I saw Joan Rivers perform at Florida Atlantic University about 30 years ago. Whether you love or loathe the comedienne, it's undeniable she exuded incredible energy. She maintained a full schedule right up until her cardiac arrest a few days ago, turning in a Broadway performance the night before her throat surgery. The operation was an out-patient procedure - nothing to be concerned about for the otherwise healthy 81-year-old.
These kinds of events remind us that sometimes, life turns on a dime. We can't dwell on them; we would drive ourselves crazy if we do. Better to live our lives with confidence, anticipating the best. And the best way to do that: prepare ourselves and our families for that turn-on-a-dime event. If you want to be truly free from unnecessary worry, you have to know you're prepared for whatever life throws your way.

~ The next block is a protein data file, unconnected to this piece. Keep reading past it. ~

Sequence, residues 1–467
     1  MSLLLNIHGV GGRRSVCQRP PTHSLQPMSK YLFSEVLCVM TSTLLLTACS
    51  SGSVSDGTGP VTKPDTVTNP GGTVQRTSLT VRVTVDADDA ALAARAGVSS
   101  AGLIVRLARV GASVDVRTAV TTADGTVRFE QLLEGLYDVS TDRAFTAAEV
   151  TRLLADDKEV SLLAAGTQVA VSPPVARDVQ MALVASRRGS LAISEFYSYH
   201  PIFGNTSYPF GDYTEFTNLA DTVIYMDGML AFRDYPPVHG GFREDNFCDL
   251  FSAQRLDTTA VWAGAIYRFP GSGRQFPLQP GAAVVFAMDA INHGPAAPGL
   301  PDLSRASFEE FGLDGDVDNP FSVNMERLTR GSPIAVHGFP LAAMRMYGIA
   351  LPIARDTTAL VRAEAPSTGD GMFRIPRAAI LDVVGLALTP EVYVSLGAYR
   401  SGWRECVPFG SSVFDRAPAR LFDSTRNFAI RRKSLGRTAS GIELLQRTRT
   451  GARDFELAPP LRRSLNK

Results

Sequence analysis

My own family faced a similar, unexpected health crisis one year ago Sept. 5. My 76-year-old brother-in-law fell and hit his head on the sidewalk after exiting a restaurant, apparently because of aortic stenosis. While awaiting cardiac surgery to repair the valve, he sustained a brain aneurysm, had a stroke, and remained on life support for days, until we consented to disconnect life support. He was a gifted classical pianist who on the day of his fall, was practicing for a particularly challenging performance. The unveiling of his gravestone will be at a cemetery in New York State at the end of this month.
Back to Rivers: The press releases say that her family will soon consider removing her from the breathing apparatus. I do not know for sure, but I suspect her daughter Melissa, who has become something of a Dean Martin to Rivers' Jerry Lewis in recent years, may be the decision-maker. I hope for her sake that her mother had a living will and other health care documents in place to guide her daughter's decision and spare her any more agony than she is already experiencing. My brother-in-law's written wishes were certainly a help to my family.
Wishing peace to Rivers' family, and to the thousands of families each day who find that their lives have turned on a dime.